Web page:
“Well,” he said, though his voice sounded warped through only half a mouth of teeth. “Haf a face is bedda dan none ad all.”
And so he left the Forest of Faces.
Outside of it, people laughed at him. He looked funny, and spoke funny, and cruelty was only to be expected, after all.
When he looked in mirrors, he saw half a face, and on the other side of it, right down the middle, half a dark, fuzzy blur where a face should be. It was as if a pencil had erased the left side of his head, leaving only a smudge of graphite behind. He hadn’t expected perfect facial symmetry and would have been more than happy with a dimple or crooked smile — and yet, he had hoped his face would be a bit more symmetrical than that.
He envied those with two eyes, and a full nose. He wondered what it would be like to see all three hundred and sixty degrees of the world, to alternate which side of your mouth you chewed on, to stick your head into a kitchen cupboard and breathe in a whole noseful of cinnamon, nutmeg, and cloves.
He adapted, though — learned to speak without a lisp and to point his ear in the direction of people who spoke to him. Though half his world was dark, he found if he spun in a circle hard and fast and long enough, all the sky went blurry and he could pretend he was seeing it with two eyes.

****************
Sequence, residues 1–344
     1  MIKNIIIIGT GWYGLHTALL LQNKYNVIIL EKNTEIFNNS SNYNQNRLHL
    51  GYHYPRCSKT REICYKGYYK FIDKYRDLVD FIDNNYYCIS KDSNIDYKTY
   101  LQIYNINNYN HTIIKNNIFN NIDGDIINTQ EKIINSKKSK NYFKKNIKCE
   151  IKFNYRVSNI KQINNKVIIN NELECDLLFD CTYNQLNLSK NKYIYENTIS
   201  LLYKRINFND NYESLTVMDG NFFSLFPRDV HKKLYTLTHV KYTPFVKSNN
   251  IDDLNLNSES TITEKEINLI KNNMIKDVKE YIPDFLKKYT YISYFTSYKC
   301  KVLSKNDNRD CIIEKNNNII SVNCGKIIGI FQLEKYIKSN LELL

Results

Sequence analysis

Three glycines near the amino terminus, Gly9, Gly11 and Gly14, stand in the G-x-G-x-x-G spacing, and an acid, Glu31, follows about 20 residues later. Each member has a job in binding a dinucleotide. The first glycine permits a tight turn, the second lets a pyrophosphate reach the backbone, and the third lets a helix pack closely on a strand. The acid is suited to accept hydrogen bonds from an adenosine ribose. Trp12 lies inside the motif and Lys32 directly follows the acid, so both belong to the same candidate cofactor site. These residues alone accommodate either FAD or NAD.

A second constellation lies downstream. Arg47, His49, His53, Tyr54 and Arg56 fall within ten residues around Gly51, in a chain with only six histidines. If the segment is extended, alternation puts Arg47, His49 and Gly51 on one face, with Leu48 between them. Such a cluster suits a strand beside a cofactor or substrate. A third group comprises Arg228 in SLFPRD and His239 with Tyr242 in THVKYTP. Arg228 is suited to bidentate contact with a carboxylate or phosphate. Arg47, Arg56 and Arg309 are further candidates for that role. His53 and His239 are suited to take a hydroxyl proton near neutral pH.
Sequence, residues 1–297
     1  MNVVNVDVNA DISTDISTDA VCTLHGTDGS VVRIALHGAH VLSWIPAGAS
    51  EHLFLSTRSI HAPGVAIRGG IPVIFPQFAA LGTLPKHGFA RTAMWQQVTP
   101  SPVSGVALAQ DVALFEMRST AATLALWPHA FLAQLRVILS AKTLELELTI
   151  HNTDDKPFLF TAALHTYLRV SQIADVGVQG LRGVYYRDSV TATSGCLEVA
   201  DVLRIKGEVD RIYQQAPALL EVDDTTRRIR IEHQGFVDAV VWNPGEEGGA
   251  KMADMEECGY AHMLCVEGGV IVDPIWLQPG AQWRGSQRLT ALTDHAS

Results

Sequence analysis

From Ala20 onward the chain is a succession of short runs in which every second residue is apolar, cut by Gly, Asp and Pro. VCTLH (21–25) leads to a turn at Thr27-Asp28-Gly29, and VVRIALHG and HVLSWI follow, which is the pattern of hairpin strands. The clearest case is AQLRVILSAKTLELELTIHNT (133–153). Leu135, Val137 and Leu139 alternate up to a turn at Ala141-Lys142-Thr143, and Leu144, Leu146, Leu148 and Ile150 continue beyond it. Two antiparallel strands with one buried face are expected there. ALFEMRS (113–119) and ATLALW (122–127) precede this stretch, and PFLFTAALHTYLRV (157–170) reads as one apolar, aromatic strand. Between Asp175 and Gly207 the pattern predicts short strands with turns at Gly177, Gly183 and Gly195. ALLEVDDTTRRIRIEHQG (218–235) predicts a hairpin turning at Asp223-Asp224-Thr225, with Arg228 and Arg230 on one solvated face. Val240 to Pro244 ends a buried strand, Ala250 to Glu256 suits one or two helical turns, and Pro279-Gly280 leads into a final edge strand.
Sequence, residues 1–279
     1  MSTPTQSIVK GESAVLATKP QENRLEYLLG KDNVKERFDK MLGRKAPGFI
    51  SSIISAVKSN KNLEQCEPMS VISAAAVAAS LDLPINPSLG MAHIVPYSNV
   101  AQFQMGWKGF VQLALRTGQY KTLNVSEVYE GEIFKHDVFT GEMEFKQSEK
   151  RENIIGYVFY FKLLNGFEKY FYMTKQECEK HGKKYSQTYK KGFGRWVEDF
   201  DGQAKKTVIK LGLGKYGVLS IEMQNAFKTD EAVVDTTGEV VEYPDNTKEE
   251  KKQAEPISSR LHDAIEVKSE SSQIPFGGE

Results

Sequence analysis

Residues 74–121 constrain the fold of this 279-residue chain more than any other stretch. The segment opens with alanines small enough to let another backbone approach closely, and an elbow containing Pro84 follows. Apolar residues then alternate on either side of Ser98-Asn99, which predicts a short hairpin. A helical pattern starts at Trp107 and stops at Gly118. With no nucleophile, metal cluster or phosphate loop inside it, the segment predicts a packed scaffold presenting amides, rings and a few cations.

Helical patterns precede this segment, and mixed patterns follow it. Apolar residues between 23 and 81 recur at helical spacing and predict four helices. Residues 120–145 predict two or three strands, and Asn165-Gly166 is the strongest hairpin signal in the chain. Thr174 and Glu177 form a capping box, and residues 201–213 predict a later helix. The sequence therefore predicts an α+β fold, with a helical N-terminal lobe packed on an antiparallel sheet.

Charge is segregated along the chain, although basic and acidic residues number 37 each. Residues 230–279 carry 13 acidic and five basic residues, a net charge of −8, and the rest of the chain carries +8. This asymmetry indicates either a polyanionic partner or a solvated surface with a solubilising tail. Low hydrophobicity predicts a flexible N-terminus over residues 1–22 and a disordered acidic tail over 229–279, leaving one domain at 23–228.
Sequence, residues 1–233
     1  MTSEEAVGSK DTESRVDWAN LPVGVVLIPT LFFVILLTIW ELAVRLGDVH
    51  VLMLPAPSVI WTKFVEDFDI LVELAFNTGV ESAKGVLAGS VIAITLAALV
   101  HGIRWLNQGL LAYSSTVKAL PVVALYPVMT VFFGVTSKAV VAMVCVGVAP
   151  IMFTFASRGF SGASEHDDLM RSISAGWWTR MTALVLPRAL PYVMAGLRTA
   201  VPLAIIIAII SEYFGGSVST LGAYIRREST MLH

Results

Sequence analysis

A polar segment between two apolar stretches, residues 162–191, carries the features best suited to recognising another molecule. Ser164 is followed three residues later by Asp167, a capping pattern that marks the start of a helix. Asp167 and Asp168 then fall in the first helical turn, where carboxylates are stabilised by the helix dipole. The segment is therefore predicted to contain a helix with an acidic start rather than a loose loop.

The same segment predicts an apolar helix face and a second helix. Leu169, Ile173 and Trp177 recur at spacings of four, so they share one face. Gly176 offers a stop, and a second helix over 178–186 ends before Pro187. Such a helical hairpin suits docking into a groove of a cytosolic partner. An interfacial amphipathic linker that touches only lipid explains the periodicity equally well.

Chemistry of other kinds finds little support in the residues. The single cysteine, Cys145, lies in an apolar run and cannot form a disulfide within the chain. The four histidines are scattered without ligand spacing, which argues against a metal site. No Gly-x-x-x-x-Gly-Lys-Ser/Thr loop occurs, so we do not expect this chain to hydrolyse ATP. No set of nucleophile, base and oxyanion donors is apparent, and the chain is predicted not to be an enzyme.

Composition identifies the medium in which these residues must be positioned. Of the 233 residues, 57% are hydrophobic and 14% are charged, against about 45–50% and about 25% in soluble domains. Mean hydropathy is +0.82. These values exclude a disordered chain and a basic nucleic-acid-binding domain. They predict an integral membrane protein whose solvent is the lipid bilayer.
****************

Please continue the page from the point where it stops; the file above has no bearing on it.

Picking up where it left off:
And then one day, he passed someone else with half a face. Hardly believing his eye, he turned on his heel and shouted after her, “Half-face!”
She turned around, the left corner of her lip turned down. “Excuse me?”
He rushed to her, the right corner of his turned up. She looked offended at first, but upon realizing their shared handicap, her eye widened. “Oh, wow. I’ve never met anyone like me before.”
“Me neither!” he exclaimed, drinking in every inch of her, the visible and the invisible, the flesh and the shadow, the there and not-there. “I thought I was the only one.”
“Isn’t it just awful?” She began to gush in a rush of excitement. “I can’t sing to save my life, being tone-deaf and practically real-deaf. Not to mention my depth perception, I’m constantly tripping over my feet —”
He listened in quiet reverence, nodding his head during her pauses and shaking it during her moments of distress. When she finished, he asked, “Did the other half of your face get stuck in the tree, too?”
“No, I knew it was half a face when I found it.” She laughed. “My fingers are mathematically capable of counting one eye and one ear.”
“I don’t understand. Why would you pick it, then?”